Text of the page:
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There’s nothing more frightening for a commuter than the thought of a subway or tram-train crash. Fortunately, a partnership between Jupiter Plast and Siemens Mass Transportation has resulted in the all-composite Avanto tram-train front end, whose high strength is ideal for resisting even the most violent of crashes.
(Published on July 2006 – JEC Magazine #26)
The shared goal was to design and calculate a composite tramtrain front end with defined crash properties, capable of withstanding a 30-ton frontal impact. In the event of a crash, the front end actually collapses in a predefined manner so that it protects the driver and passengers. All calculations were carefully tested at the Vitry Test Centre of the SNCF, the French national railway company, near Paris.
The composite solution
Jupiter Plast used a sandwich construction combining a Rohacell core in different weights with various biaxial and triaxial reinforcement mats, with vacuum infusion as the selected process. Various fabrics of fibreglass make up the outer shell of the tramtrain front.
A Modar methacrylic resin was selected due to its ability to meet fire and smoke requirements. The resin is also lightweight, which is particularly advantageous for environmental reasons as it reduces energy consumption.
The partnership between Jupiter Plast and Siemens dates back to 1996, when they began delivering GRP toilet cabins for high-speed trains. Work on the Avanto project began at the end of 2004 and the finished product was ready for delivery and marketing by the end of 2005.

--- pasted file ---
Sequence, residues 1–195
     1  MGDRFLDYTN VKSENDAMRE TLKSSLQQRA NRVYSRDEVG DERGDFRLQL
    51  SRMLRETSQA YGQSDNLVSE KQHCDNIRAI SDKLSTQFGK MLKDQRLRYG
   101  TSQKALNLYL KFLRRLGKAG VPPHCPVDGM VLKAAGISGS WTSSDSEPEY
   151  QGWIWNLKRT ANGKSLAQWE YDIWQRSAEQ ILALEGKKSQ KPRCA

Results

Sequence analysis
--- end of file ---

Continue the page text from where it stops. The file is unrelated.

Siemens defined a set of specifications for the product, so that it would meet the crash and performance goals both companies had set. Jupiter then constructed the parts by producing all the moulds and bonding the fixtures, which were chosen based on weight and fire standards. The parts were then tested extensively using FEM calculations and crash simulations. Commenting on the group effort, Jupiter Plast’s director Hans Gabelgaard, said: “We have worked together with them in a lot of different cases, so there was nothing very new this time. The co-operation went smoothly , as always, and they had a very skilled and experienced project leader, along with some very experienced and skilled static analysts such as Michael Kammler, who was responsible for the whole train.”
France Rail Statistics There are nearly 32,000 kilometres of train tracks in France.
In 2004, 1.33 billion passengers rode the Paris Subway.
Lines 1, 2 and 3 of the Paris Subway date back to 1904.
The marketplace and its future;
The front end is a vital structural part of the tram-train that Siemens has developed for the SNCF. To date, 30 front ends have been ordered and Mr Gabelgaard feels encouraged by the results. He added: “We think it is a smart product for public transportation, and we expect future sales to come.”